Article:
The photo for this post is from Evgeni Dinev's portfolio on Free Digital Photos.

I got some of the info on the dosha's and their qualities from the Blue Lotus Ayurveda site.

Monday, August 22, 2011

Our Appointment with Life by Thich Nhat Hanh

I just finished reading, well almost finished reading, a short but really powerful book by Thich Nhat Hanh - Our Appointment with Life. It is one of his more Buddhist text books rather than his mindfulness books as it does discuss some of the sutras or religious text from the Buddha's time.

But it really sums up so much good stuff that I would LOVE to share with you: Letting go (no attachment), Present Moment, Internal Formations, Community.

Letting go (I have chosen the words letting go) in this book is described as living alone, but not in the sense of the word as we know it- we must learn to not let our attachments to things, our obsessive negative feelings, our thoughts even ideas overwhelm us and keep us from being present in the moment. So I had a hard time with the idea of not being attached because I thought, when I first learned of the practice of no attachment, that it was a perfect excuse for people to not care for others around them. But this is completely NOT what it means. Think of your favorite something that you have. Let's say car or an expensive electronic device. Sure, we should do our best to take care of it so that it continues to work and help us get to work or do our work. But the moment that we feel so attached to it that we constantly worry that someone will steal it or how terrible it will be if it gets dinged up or scratched then we are overwhelmed by our attachment to it. Our attachments are considered one of the "Internal Formations" - desire, hatred, pride, ignorance, stubborn views, attachment, doubt, jealousy and selfishness. If we are distracted by our thoughts, emotions, beliefs surrounding these "Formations," then we are not able to be clear in the present moment. So, then we are living with them, therefore not living "alone," in the sense of the word according to Buddha. So living alone really meant being mindful of our Internal Formations, their influence on us, so we can be present in the moment. So the next great point of the book, The Present Moment.

Our life only exists in the present moment. This is not to say that we should forget the past or never plan for the future. If we forget our past, then we can never learn from our mistakes. But we shouldn't dwell on it or beat ourselves up and not take action or responsibility for our past actions. We can try to look back at the past, the good and the bad, for purposes of learning, healing and improving. Thay (Thich Nhat Hanh) says that the ghosts of the past that we allow to follow us into the present are then also part of the present. But if we can observe them deeply and understand them clearly we can transform them and ourselves.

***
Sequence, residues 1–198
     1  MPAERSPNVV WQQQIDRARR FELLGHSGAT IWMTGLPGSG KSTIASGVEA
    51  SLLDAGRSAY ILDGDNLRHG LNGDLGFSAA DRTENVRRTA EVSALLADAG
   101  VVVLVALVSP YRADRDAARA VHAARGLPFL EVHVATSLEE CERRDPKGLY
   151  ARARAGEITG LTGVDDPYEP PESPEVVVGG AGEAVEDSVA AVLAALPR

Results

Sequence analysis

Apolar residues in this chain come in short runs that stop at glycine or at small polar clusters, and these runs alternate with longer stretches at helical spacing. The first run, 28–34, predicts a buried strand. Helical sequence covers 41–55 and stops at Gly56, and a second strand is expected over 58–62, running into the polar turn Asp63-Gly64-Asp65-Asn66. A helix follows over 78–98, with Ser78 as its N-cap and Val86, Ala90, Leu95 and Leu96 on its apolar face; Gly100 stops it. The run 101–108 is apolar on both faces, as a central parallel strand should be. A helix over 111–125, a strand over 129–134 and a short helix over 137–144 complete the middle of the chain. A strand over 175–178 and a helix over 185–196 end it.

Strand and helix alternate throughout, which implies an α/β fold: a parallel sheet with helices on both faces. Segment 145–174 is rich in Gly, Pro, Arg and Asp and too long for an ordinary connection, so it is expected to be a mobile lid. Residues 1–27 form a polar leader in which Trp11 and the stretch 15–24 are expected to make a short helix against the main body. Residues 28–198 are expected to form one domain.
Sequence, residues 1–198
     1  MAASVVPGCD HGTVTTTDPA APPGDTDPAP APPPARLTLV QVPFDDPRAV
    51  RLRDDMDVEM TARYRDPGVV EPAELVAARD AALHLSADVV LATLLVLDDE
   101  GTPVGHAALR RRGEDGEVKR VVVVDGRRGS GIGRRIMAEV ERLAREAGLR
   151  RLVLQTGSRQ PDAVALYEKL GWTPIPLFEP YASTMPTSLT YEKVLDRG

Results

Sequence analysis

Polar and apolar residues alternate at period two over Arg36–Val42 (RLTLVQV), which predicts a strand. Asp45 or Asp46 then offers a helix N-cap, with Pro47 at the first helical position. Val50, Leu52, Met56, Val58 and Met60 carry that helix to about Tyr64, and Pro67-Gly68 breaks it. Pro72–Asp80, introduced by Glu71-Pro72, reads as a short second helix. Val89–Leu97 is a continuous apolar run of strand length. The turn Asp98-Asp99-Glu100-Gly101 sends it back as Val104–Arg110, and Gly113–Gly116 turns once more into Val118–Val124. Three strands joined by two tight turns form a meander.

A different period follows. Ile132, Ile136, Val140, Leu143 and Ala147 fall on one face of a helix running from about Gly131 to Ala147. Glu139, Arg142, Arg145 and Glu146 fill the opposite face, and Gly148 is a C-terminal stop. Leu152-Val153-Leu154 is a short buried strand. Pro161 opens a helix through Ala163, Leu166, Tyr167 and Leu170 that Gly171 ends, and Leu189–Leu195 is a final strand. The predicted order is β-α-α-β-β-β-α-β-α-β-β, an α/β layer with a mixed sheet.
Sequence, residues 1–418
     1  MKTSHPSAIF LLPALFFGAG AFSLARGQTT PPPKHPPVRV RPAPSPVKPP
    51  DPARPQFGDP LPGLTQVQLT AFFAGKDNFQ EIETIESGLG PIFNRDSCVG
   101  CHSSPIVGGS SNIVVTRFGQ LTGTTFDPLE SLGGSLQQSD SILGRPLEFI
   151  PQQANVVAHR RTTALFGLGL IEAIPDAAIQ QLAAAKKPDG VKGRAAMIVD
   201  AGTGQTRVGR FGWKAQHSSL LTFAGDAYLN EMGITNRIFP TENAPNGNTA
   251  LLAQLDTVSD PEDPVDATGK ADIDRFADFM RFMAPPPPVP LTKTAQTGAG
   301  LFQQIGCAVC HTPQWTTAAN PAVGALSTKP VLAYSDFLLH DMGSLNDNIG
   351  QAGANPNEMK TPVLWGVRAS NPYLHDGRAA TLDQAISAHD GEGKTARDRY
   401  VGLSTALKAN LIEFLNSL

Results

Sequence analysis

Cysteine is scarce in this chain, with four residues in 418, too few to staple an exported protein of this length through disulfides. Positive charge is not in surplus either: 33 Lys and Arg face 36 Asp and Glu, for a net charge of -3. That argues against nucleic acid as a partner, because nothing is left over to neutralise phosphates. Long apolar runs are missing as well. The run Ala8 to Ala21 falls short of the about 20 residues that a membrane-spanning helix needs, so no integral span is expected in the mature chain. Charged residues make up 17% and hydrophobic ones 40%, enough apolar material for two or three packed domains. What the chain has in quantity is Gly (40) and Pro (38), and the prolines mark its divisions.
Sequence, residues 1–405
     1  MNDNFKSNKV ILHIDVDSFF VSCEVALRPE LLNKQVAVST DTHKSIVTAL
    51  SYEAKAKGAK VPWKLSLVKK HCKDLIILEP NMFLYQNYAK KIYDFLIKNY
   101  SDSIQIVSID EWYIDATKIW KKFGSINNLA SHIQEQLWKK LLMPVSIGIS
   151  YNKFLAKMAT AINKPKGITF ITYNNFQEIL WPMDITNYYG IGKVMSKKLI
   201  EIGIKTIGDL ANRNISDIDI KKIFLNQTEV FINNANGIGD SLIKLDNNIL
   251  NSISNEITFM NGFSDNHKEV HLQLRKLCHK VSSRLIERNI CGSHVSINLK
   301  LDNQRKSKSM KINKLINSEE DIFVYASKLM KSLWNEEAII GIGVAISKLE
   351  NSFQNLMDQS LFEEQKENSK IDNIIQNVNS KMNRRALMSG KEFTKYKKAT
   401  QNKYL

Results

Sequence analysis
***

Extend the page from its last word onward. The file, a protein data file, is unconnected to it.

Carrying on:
As for the future, Thay says we must of course make plans, but not to get lost in daydreams that steal us away from the present. We must stay clear and grounded in the present as we plan for the future. If we are unhappy in the present, for whatever reason, our minds, thoughts and feelings can get lost into the future daydream we have that helps us run from the present moment discomfort, pain or suffering. It's soooo important for us to recognize our suffering and to look deeply at it. Thay often says to take your fear, sadness or whatever negative feeling that you have that burdens you and hold it, recognize it and soothe it so that it can calm down and no longer drag you along on its rampage or destructive thought pattern. Our feelings are valid but getting lost in them and letting them take control only leads to more suffering. Thay has a beautiful metaphor where he draws up an image of a lotus flower that grows out of the mud in a pond - the mud is our suffering and out of it, if cultivated properly, grows a most beautiful lotus flower. We cannot have true happiness without looking deeply at our suffering, understanding it and transforming it into our own lotus flower.

When talking about not getting lost in the future, this doesn't mean that we shouldn't care about what happens in the future but that we should focus much of our attention on the manner in which we live in the present moment as it will soon become the future. And if we use any regret we have of the past to heal the present moment, then our remembrance of the past has served a positive purpose. Mindfulness can help us see deeply that which causes us suffering and help us to heal it in a conscious, positive and transformative way.